Ray has written about this and I have accumulated his references when he talks about this, but I think carbon dioxide is one of the major antagonists to serotonin because I think the platelets and the mass cells, which contain serotonin become leaky when the pH has changed and that's mediated by carbon dioxide. So the platelets, I hope I don't screw this up, but I think there are carrying the serotonin from the intestine and they carry a ridiculous amount of serotonin and they become leaky and release their serotonin into the blood.

Danny Roddy:
Then there are other things that activate like tryptophan hydroxylase, which turns tryptophan into serotonin. And all these things are part of the big stress system. I don't even remember that part in the book that you're talking about, but that is interesting. I've never studied anything like that.

Jayton Miller:
Yeah. It's quite fascinating. I was blown away whenever I thought about it. It wasn't too far after I was reading your LSD article too. So it kind of just clicked whenever I was reading it. So there is a clear connection between serotonin and hair loss. Can you walk us through how that works?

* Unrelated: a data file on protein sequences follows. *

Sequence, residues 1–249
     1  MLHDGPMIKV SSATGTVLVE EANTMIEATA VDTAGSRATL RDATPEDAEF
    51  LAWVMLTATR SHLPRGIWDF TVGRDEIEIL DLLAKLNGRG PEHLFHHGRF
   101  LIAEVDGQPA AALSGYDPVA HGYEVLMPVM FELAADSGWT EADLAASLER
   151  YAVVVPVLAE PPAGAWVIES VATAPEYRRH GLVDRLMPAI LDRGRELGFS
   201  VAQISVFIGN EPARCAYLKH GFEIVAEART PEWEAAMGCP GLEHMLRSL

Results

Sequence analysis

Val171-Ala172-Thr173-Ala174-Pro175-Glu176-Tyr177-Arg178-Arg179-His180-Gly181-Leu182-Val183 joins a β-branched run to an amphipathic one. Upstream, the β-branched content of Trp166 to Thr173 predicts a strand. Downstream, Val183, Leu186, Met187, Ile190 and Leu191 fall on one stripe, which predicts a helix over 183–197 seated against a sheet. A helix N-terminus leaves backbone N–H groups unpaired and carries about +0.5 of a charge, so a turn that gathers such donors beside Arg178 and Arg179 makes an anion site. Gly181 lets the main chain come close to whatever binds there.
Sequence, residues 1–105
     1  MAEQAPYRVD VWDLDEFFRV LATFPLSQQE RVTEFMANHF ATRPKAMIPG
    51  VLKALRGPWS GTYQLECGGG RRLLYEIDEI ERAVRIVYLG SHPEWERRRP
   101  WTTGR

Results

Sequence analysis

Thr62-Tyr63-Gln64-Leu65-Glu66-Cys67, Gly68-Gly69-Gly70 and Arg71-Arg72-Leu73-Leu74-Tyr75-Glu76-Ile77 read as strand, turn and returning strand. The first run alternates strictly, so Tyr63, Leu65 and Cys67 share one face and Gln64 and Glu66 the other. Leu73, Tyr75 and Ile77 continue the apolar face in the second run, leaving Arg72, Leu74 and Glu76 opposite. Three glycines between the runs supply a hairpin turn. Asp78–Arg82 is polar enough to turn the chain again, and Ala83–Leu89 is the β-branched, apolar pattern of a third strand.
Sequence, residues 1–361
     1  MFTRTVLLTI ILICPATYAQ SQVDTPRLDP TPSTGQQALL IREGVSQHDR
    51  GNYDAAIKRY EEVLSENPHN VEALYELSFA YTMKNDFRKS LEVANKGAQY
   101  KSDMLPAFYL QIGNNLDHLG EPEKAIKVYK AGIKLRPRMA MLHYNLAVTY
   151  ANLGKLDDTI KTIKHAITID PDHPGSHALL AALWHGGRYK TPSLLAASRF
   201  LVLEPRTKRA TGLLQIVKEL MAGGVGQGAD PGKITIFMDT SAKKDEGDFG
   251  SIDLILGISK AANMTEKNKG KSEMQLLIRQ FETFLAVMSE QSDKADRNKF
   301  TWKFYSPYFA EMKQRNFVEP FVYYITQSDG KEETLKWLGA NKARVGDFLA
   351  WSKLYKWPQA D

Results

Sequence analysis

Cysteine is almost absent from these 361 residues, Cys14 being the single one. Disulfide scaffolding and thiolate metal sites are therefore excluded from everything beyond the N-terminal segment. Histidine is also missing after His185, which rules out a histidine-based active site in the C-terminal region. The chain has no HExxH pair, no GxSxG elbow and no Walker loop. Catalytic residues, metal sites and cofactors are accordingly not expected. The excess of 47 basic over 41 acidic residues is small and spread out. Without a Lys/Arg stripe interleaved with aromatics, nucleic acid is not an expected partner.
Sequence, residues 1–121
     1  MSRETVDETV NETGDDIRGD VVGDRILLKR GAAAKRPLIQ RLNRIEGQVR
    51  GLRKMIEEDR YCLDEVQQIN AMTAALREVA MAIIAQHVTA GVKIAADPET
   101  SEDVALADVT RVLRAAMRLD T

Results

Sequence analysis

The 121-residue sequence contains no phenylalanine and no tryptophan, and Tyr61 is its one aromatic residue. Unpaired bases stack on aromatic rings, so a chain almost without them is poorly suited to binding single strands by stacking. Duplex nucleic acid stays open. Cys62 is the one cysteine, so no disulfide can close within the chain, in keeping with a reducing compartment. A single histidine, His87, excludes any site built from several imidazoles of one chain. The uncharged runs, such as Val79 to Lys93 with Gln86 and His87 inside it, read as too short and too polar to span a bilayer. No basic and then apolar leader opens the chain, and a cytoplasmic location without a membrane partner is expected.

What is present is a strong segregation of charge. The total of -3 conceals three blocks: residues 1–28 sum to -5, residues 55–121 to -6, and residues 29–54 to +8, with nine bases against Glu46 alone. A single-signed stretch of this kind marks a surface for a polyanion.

Danny Roddy:
Yeah. So I don't think there's any like paper that's that studied it, but I think again, if cortisol is elevated in pattern baldness, and I think there is... Again, this area is completely understudied and so we're kind of like grasping at straws here. I think my main position would be like, "Hey look, the genetic androgen hypothesis, we've had how many decades of this theory and it's produced drugs like finasteride and minoxidil, and to a lesser extent Nizoral. This thing is like a total failure in my opinion.

Danny Roddy: